Patches in Windows refer to the pieces of code that replace faulty existing pieces currently on your computer. They are usually provided by the application vendor and in terms of the operating system itself, are released on a regular basis by Microsoft. There are two main kinds of patches from Microsoft:
It deserves to be mentioned that patches are not regression tested and sometimes get redistributed due to other problems that surface. For this reason we do not recommend Microsoft "recommended" patches unless you are experiencing the problem they address.
We in IST have a local mechanism for you for installing all critical patches. It is called the WSUS (Windows Software Update Service) server. See the link on the left for details. The advantage of subscribing to this service instead of the Microsoft Windows Update service is that we test all critical patches for a week with applications we use to make sure no problems appear before releasing them to our clients.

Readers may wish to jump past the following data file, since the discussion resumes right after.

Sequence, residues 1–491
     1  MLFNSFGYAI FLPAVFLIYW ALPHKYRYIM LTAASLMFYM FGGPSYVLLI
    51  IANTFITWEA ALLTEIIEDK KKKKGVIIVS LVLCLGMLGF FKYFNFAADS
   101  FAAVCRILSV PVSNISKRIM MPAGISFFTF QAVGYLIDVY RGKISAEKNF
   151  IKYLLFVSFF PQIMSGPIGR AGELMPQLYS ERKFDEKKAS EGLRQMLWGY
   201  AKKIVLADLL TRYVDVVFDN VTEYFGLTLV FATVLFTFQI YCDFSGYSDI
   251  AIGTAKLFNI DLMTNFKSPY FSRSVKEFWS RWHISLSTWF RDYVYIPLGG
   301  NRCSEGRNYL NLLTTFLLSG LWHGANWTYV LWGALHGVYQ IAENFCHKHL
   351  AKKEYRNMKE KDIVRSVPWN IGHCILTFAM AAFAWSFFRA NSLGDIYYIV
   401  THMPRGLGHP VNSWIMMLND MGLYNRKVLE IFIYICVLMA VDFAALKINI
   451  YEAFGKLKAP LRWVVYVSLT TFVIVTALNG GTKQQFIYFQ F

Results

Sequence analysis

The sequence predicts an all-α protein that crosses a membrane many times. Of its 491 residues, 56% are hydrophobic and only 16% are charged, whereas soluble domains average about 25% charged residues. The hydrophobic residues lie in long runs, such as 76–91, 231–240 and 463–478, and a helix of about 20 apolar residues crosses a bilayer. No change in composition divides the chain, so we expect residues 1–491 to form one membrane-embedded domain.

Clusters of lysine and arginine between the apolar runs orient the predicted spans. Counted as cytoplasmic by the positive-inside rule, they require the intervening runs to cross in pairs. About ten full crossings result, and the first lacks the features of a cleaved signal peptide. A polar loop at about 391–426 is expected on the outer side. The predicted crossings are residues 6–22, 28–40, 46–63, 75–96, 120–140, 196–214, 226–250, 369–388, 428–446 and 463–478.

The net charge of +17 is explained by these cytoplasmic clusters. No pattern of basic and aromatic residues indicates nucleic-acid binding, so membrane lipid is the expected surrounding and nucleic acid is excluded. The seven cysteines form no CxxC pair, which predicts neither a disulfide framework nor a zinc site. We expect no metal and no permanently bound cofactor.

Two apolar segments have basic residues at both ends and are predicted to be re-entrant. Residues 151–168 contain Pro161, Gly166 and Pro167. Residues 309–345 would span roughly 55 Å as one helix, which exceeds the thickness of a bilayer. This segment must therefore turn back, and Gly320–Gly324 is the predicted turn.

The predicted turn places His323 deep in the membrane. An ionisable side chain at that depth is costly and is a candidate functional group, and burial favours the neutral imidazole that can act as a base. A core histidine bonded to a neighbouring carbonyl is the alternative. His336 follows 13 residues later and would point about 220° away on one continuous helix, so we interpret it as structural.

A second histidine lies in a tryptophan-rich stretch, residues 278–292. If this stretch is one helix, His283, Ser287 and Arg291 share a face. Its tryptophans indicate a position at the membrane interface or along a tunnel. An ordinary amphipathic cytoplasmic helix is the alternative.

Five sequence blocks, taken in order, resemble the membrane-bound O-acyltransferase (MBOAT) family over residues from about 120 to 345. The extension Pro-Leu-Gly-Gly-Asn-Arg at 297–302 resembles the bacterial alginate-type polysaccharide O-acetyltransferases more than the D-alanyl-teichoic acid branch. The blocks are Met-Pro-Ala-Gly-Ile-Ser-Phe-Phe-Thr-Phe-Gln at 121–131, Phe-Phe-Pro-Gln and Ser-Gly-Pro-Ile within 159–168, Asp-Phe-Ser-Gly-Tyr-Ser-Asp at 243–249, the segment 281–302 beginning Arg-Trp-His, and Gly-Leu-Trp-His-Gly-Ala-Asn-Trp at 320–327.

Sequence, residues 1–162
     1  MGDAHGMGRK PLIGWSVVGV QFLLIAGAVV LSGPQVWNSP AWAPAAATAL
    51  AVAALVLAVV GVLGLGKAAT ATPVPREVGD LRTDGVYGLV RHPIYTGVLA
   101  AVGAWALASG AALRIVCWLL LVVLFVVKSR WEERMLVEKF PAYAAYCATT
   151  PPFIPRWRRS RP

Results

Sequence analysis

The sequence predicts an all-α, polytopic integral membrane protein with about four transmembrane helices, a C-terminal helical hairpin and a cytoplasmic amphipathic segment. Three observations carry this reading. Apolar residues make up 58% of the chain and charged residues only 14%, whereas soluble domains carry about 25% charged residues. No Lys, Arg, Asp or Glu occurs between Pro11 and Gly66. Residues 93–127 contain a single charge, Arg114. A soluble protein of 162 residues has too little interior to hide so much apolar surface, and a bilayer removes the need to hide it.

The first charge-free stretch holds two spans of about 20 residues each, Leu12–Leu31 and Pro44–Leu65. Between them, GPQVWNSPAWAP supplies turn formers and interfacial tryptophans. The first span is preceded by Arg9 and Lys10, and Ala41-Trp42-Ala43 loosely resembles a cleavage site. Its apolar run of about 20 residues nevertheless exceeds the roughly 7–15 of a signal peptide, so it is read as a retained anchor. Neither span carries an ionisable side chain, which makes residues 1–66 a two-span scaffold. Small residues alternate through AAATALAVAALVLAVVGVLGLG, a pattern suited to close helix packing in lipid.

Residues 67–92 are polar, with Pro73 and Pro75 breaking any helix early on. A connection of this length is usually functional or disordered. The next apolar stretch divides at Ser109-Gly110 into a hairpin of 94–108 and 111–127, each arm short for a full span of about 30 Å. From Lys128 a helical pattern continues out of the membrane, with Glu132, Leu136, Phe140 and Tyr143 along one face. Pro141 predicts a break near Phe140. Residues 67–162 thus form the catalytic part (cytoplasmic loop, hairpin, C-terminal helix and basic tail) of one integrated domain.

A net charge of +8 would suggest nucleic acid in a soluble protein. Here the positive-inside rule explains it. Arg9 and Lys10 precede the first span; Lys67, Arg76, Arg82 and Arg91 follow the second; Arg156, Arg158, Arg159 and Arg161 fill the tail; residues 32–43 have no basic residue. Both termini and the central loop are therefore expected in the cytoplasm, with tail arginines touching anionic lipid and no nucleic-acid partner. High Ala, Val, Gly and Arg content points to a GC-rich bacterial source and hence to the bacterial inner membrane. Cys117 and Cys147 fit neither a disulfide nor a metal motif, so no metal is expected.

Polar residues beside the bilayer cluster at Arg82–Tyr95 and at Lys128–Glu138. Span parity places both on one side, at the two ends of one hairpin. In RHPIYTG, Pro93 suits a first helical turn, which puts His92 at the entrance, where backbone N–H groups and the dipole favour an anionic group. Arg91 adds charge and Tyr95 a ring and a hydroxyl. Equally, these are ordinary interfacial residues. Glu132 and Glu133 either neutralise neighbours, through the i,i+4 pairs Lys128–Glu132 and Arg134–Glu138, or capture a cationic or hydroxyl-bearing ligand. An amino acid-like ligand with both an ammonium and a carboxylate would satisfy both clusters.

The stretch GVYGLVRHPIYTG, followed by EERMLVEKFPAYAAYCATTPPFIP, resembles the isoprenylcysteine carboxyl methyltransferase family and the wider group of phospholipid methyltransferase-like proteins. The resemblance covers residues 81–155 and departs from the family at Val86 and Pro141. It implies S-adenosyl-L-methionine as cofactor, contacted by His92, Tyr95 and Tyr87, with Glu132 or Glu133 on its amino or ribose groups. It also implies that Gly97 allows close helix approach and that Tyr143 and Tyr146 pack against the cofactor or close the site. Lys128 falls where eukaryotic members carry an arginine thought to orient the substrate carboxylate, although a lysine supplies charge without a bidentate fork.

Security Packs are interim releases of the operating system and some applications (if available). They are a culmination of all critical and recommended patches since the operating system was originally released. The difference between accepting a service pack and all patches is that a service pack is rigorously regression tested against all other patches and known applications. Even though they may not be perfect, they have historically caused far less problems than some patches have caused. NOTE: Subsequent service packs contain all of the previous patches release in previous service packs. Therefore it is not necessary to install service pack #1 before installing service pack #2.
Created by Manfred Grisebach, July 2005